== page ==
An increased dose of delayed-release oral mesalamine 4.8 g/day (800 mg Tablet) was found effective for patients with moderately active ulcerative colitis, according to a study published in the December 2009 issue of Gastroenterology.
A six week study (ASCEND III) was conducted to determine the efficiency and safety of mesalamine 4.8 g/day compared to 2.4 g/day for the treatment of moderately active ulcerative colitis (UC). The trial was conducted at 113 sites in 14 countries between July 2006 and June 2007. The patients were males and females between 18 and 75 years of age with a diagnosis of moderately active UC. Moderately active UC was defined as a Physician's Global Assessment (PGA) equal to 2 points, with a score of less than or equal to one point in both stool frequency and rectal bleeding clinical assessment and a score of less than or equal to two points in the sigmoidoscopy assessment with a positive friability (degree of fragility) assessment. Patients were excluded from participation if they had UC confined to the rectum, short bowel syndrome, renal or hepatic disease, or a stool examination positive for Clostridium difficile, bacterial pathogens, or ova and parasites. Other exclusion criteria were an allergy to salicylates,aminosalicylates, or any component of the delayed-release mesalamine tablets, a history of HIV infection or AIDS, a history of alcohol or drug abuse, and women who were pregnant or breastfeeding. The study participants were prohibited from taking certain medications that might interfere with the evaluation of the study medication.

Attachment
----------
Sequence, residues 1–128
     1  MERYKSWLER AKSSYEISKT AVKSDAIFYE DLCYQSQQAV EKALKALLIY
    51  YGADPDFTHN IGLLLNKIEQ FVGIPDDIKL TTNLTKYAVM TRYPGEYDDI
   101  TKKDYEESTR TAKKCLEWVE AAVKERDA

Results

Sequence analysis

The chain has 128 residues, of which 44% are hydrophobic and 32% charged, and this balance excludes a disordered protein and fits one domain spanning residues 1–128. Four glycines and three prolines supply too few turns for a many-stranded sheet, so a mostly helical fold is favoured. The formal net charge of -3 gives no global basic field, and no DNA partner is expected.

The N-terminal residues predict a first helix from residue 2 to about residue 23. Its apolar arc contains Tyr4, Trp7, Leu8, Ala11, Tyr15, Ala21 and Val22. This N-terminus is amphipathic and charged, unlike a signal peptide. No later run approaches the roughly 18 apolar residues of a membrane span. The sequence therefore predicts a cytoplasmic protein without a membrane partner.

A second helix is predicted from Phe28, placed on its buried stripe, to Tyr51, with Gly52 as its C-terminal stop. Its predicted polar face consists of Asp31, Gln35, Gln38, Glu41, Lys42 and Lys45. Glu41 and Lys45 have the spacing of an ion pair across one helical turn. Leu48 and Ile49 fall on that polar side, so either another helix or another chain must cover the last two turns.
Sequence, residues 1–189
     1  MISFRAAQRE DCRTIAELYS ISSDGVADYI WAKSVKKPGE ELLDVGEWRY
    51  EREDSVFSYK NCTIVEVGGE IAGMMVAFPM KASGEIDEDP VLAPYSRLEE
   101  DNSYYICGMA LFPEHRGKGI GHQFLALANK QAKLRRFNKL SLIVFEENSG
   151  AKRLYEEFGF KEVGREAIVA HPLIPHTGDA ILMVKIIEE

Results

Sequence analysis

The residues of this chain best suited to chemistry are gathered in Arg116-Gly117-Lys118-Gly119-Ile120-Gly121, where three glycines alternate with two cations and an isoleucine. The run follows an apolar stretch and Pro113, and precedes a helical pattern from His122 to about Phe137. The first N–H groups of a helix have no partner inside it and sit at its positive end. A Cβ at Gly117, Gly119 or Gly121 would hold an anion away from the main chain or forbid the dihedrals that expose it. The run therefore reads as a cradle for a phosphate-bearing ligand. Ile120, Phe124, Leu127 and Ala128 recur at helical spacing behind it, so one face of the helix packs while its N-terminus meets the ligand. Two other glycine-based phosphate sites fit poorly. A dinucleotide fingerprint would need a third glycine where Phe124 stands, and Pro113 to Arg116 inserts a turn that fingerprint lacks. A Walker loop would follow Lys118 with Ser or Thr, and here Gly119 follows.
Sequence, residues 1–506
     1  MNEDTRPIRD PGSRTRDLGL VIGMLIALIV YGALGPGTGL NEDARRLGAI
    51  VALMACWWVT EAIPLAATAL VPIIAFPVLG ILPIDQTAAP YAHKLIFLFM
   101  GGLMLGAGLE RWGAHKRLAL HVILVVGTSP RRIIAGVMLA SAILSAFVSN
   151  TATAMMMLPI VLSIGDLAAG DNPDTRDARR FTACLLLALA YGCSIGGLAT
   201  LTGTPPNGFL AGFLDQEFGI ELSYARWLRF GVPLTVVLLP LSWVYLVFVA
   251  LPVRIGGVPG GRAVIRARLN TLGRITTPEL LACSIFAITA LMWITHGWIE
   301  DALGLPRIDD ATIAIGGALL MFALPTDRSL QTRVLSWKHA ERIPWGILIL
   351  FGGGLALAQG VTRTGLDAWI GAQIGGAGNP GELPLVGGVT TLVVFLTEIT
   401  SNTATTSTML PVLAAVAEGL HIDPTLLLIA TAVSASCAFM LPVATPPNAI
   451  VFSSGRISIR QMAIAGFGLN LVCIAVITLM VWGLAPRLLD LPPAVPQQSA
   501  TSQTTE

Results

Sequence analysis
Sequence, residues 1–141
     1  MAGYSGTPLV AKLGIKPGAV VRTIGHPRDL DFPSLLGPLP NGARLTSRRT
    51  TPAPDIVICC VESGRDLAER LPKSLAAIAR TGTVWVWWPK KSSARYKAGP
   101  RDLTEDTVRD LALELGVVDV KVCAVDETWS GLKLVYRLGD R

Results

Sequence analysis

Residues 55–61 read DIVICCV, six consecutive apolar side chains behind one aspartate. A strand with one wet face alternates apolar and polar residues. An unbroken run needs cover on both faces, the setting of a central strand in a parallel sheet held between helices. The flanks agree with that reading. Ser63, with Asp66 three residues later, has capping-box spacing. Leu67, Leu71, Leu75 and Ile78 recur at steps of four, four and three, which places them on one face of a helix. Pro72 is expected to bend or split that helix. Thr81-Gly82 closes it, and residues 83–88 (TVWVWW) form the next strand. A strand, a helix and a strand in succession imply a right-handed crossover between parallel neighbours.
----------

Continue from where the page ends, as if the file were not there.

Eligible patients were randomized to receive either oral delayed-release mesalamine 2.4 g/day (Asacol 400 mg tablet) or delayed-release mesalamine 4.8 g/day (Asacol HD 800 mg tablet). Patients were assessed at screening and weeks 0 (baseline), 3 and 6. Treatment success was defined as either a complete response (remission) or a partial response (improvement) to treatment from baseline to week 6.
The ASCEND III study design was amended with the sample size increased from 470 to 770 patients.